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Black Tie International:
On The Town With Aubrey Reuben April 28, 2018

 

 

Aubrey Reuben

On the Town With Aubrey Reuben
Where All the Stars Shine Brightly!

April 28, 2018

The Outer Critics Nominations for 2017-18 68th Annual Awards for Broadway and Off-Broadway were announced at the Algonquin. Jenn Colella and Katrina Lenk (photo below) read the nominations. OCC is the first critics organization to announce their nominations. The winners will be announced on May 7th and they will receive their awards on May 24th at the Annual Gala Dinner at Sardi's restaurant. I am a proud member of the Executive/Nominating Committee for the past 40 years.

 

The Drama Desk Nominations were announced for 2017-18 63rd Annual Drama Desk Awards for Broadway, Off-Broadway and Off-Off-Broadway at Feinstein's/54 Below by Jane Krakowski and Tituss Burgess (photo below). The winners will receive their awards at Town Hall on June 3rd.
 

A revival of Travesties, by Tom Stoppard, at the American Airlines Theater, is a play which takes place in Zurich, Switzerland in 1917, about Henry Carr (Tom Hollander), a consular official, who becomes involved with Tristan Tzara, James Joyce and Lenin. It also takes place 50 years later, when he remembers what happened in 1917. The eight member cast is expertly directed by Patrick Marber. As the playwright is an erudite person, he is quite clever in mixing historical characters and events with fiction. Also The Importance of Being Ernest by Oscar Wilde is included in this absurd, funny and ingenious play. Hollander will probably be nominated for a Tony Award.

 

Harry Potter and the Cursed Child, Parts One and Two, by Jack Thorne, is based on an original new story by J. K. Rowling, Jack Thorne and John Tiffany, at the Lyric Theatre, is a convoluted story. The theater was filled with Harry Potter fans. I have not read the books or seen the films. The press materials, that I received, would take more time to read than if I were studying for Ph.D. Judging from almost six hours of watching staircases being moved across the stage, and floating chairs, and characters being pulled out a hole from the back wall, and two of the leads being drenched in a pool of water, and a whole slew of magic tricks, I found the production numbing, but the packed house seemed to enjoy every minute of it,

 

Summer, The Donna Summer Musical, book by Colman Domingo, Robert Cary and Des McAnuff, songs by various composers, at Lunt-Fontanne Theatre, is for lovers of disco music. The three major stars, who play Donna at various times in her career, are LaChanzeAriana DeBose and Storm Lever, directed by Des McAnuff. They have good voices. The audience loves listening to them sing, and wants to participate singing with them. The ensemble are wonderful disco dancers, choreographed by Sergio Trujillo. The book is trivial, and not very interesting, considering that it took three writers to write it. But it does not matter. All the audience wants is to hear and move to the music. Perhaps, instead of a Broadway Theater, it should be staged in a discotheque.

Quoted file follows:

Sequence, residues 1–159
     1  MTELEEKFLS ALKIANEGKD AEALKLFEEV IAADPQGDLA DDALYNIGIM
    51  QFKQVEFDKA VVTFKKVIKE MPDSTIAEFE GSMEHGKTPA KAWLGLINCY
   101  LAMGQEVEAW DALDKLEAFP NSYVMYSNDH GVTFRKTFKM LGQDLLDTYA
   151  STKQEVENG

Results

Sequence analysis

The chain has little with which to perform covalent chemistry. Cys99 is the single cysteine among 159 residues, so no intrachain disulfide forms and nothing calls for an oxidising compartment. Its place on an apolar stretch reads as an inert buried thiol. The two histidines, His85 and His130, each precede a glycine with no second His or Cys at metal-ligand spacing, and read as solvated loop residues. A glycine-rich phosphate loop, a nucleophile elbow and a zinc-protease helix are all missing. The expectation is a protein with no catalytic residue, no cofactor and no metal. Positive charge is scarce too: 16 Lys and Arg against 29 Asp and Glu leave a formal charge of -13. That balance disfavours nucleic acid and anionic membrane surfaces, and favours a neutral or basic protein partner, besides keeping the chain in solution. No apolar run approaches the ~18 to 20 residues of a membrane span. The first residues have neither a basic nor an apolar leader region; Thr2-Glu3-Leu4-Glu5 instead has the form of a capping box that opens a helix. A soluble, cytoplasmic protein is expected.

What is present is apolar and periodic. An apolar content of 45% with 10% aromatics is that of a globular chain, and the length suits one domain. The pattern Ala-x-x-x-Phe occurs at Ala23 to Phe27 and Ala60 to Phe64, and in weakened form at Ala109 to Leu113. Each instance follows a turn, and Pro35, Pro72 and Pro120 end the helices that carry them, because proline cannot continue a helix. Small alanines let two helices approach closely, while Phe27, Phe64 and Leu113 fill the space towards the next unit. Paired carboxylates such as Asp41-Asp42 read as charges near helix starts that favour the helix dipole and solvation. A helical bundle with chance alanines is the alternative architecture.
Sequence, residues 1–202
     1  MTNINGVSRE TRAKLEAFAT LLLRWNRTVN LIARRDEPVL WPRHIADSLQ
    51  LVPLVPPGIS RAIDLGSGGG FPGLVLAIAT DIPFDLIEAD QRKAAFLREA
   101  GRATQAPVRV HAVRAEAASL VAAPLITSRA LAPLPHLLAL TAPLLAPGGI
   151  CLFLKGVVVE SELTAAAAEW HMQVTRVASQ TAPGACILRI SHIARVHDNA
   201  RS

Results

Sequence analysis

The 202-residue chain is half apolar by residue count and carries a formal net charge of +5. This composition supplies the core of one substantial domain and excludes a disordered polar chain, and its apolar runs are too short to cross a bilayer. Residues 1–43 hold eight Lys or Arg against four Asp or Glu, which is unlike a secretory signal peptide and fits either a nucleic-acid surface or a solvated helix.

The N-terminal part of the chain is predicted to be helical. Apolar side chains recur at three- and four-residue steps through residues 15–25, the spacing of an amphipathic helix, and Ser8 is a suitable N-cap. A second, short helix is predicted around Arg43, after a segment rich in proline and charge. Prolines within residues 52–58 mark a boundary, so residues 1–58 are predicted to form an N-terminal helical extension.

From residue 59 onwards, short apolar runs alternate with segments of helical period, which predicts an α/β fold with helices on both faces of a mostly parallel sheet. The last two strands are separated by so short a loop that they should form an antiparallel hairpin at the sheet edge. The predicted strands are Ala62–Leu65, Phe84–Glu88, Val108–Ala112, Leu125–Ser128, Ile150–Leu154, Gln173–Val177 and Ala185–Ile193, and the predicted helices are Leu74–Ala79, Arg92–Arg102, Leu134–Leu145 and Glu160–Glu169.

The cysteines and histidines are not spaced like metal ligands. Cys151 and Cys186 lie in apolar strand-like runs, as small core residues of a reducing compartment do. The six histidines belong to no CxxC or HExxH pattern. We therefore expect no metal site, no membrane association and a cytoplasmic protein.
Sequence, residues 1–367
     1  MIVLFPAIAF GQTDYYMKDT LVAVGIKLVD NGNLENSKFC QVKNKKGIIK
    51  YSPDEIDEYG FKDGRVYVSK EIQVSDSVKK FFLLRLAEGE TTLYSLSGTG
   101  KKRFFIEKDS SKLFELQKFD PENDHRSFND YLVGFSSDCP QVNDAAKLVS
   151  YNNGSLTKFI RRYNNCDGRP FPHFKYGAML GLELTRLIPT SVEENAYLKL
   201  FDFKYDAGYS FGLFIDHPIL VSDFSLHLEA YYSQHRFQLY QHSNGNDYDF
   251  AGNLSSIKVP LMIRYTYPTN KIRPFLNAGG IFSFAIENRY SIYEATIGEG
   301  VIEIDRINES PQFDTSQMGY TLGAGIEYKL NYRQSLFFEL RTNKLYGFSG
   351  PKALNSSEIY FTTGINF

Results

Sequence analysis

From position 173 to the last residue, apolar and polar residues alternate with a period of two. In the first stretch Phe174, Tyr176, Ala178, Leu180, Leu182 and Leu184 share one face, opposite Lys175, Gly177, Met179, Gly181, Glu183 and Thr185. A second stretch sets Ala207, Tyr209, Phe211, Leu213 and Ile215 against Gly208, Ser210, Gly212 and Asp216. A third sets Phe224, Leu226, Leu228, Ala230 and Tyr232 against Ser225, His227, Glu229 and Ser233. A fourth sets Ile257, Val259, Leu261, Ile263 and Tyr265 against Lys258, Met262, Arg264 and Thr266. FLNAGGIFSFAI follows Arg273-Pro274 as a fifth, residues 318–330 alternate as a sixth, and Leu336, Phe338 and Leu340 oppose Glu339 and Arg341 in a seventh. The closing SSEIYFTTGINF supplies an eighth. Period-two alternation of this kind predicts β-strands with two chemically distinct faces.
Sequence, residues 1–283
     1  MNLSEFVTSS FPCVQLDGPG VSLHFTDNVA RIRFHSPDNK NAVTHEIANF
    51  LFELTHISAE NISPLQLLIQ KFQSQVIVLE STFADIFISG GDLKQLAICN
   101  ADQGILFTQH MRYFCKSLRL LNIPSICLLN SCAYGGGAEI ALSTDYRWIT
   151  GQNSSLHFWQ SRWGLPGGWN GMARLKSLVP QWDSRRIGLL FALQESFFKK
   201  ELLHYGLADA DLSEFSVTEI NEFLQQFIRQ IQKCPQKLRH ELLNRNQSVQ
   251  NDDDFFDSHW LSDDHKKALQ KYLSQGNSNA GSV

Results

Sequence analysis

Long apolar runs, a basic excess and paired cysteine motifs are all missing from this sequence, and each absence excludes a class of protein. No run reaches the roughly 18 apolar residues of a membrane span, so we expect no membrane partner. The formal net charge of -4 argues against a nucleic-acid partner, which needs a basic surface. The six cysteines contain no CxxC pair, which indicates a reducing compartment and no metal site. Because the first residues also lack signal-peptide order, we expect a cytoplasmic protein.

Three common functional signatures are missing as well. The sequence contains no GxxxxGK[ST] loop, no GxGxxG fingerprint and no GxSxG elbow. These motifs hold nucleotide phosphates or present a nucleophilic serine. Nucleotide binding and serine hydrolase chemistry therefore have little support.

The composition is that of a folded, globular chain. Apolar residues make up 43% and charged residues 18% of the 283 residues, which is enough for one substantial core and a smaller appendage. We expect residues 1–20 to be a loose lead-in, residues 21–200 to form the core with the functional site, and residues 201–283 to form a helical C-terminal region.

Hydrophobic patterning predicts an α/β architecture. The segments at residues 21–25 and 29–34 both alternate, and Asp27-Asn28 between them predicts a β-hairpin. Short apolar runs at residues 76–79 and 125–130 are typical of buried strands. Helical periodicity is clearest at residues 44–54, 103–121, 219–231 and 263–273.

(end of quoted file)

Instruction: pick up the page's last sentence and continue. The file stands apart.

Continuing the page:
A revival of The Iceman Cometh, by Eugene O'Neill, at the Bernard B. Jacobs Theatre, takes place over a couple of days in a downtown bar in New York City, inhabited by drunks and prostitutes in 1912. The nineteen member cast is directed by George C. Wolfe. The director could not have a better cast, full of stars, headed by Denzel Washington. It is not fair to not mention the entire cast by name, but space and time limits me to praise, among all the outstanding performances, four in particular, David Morse, Colm Meaney, Frank Wood and Reg Rogers. Although it is a long play of four acts, the audience is riveted by the brilliant acting of a bunch of losers, who find refuge in alcohol. When Washington returns to the bar at the end of Act I, he has rejected booze and wishes to convert his former friends. What happens and the secret he finally bares complete a magnificent and memorable production. The opening night party took place at Delmonico's, 56 Beaver St, where the cast celebrated with a lavish buffet and cocktails galore. As they play alcoholics in the play, they deserve the drinks.

 

A revival of Saint Joan, by Bernard Shaw, at the Samuel J. Friedman Theatre, is a fine production of a great play, with an outstanding performance by Condola Rashad in the title role, as the heroine who saved France from the English. The entire cast is excellent, under the direction of Daniel Sullivan, but one must single out Patrick Page as the Inquisitor in Scene 6, the trial scene in Rouen, 1431. In May 1947, at 14-years 0f age, I played the role of Brother Martin Ladvenu in my high school in England. so naturally I have a great affection for the play.




Metronmaniacs